How long ago was that? There are three routes up Seymour valley:
    One is paved so smooth that roller-bladers can use it
    One trail/old gravel road open to public (for which my Jake was perfect, well, it would be if I’d put better tyres on it)
    One maintenance road (no public access)

    The public aren’t allowed past the dam as, like you implied, it’s protected watershed.

    Not that I’ve made my mind up at all, but responses above are swaying me more in the direction of a hard-tail…

    Premier Icon karnali
    Free Member

    @P7eaven what 29er is that , looks great

    Premier Icon p7eaven
    Free Member

    @karnali

    It’s a MK1 Longitude (2015). The only year Genesis made it for 29+ AFAIK, although I’ve yet to go plus as my rims are too narrow.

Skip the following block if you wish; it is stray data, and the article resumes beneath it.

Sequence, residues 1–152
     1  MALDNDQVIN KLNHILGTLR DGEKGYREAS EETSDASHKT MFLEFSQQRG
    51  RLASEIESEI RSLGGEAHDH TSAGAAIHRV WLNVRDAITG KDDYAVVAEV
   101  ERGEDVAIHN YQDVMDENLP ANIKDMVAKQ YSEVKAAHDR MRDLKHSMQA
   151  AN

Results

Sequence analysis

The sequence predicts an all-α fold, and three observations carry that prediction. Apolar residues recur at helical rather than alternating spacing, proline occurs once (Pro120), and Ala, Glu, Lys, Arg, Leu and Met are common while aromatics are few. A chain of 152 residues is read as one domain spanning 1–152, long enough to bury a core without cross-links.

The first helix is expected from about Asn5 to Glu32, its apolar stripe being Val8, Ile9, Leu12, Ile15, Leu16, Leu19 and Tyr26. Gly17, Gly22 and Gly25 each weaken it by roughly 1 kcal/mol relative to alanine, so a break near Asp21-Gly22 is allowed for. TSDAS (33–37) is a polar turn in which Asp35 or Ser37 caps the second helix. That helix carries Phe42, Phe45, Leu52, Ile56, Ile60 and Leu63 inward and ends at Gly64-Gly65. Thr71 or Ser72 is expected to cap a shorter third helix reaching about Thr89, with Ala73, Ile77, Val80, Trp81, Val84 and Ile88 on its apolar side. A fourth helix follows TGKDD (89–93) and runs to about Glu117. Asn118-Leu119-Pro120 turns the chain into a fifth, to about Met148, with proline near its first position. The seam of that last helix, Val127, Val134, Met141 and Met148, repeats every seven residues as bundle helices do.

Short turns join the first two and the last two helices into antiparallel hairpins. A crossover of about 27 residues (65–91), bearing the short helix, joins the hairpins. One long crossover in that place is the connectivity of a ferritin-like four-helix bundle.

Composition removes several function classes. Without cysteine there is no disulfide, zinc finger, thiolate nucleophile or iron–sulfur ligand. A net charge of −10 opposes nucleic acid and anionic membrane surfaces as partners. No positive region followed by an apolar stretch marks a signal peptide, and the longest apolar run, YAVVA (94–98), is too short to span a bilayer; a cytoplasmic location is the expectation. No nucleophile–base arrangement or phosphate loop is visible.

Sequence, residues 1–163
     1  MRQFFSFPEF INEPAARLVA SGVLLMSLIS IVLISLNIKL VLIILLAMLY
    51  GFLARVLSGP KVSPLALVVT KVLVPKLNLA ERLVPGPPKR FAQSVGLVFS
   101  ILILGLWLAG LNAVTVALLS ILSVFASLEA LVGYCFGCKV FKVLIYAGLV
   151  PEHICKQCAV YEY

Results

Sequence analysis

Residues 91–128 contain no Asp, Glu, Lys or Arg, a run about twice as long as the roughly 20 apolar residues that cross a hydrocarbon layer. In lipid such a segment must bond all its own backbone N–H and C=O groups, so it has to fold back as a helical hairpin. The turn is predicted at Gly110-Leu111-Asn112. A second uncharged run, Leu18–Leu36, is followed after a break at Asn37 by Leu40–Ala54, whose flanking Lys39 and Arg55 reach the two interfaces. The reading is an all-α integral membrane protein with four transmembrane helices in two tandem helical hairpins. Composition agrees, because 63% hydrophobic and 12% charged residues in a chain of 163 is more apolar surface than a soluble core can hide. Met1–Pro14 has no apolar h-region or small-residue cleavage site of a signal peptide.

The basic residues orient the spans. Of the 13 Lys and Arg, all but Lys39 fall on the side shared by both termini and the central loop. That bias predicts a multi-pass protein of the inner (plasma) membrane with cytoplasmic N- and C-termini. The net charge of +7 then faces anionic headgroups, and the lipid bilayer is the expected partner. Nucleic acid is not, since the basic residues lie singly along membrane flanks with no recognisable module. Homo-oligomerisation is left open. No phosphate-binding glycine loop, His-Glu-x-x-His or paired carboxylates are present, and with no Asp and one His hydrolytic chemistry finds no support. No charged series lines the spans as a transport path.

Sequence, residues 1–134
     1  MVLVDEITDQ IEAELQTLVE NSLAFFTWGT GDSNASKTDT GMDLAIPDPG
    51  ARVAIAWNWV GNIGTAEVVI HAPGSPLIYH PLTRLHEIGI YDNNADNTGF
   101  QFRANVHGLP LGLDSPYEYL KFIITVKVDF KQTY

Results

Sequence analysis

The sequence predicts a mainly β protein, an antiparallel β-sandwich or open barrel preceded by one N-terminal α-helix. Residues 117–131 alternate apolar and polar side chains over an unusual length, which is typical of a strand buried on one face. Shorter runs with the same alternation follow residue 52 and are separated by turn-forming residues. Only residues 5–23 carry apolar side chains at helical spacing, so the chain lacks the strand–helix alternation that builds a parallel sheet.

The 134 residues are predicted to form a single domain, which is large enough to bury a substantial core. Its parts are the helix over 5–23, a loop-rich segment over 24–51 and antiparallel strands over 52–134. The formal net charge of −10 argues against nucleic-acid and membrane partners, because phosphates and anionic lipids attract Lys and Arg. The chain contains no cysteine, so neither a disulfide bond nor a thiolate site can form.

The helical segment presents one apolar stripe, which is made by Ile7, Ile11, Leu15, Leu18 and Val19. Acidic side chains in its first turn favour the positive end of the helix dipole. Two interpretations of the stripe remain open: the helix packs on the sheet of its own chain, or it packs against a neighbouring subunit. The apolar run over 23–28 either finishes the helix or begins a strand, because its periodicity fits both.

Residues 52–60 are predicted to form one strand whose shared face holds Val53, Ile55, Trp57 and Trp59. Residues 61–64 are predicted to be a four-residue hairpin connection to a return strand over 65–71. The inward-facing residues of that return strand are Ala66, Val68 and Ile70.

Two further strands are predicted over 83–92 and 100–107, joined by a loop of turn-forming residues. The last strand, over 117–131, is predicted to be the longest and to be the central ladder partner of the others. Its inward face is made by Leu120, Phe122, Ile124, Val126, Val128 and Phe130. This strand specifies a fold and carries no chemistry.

(Stealth ad – if anyone wants to give me some decent 29er Arch Mk3s they can have my minty Hope Enduros for free 😎)

    The sooner people realise gravel isn’t one thing just like mountain bikes aren’t one thing, the better.

    +1

    Premier Icon kerley
    Free Member

    I’m curious as to what the tipping point is between a dedicated “gravel bike” is, and when a (hard-tail?) mountain bike just makes more sense…

    As others have said it depends on what you want and most importantly what you enjoy riding. Any gravel bike and any hardtail MTB will ride well on gravel roads and mild off road. They will be faster/slower in different areas but only by 1 mph or so which doesn’t matter unless you are racing.

    Based on what you have mention I would think a flat barred gravel bike would suit
    – Flat bars
    – Wider tyres than CX but not full on MTB tyres
    – More on the faster side than sluggish side

    Something along these lines

    .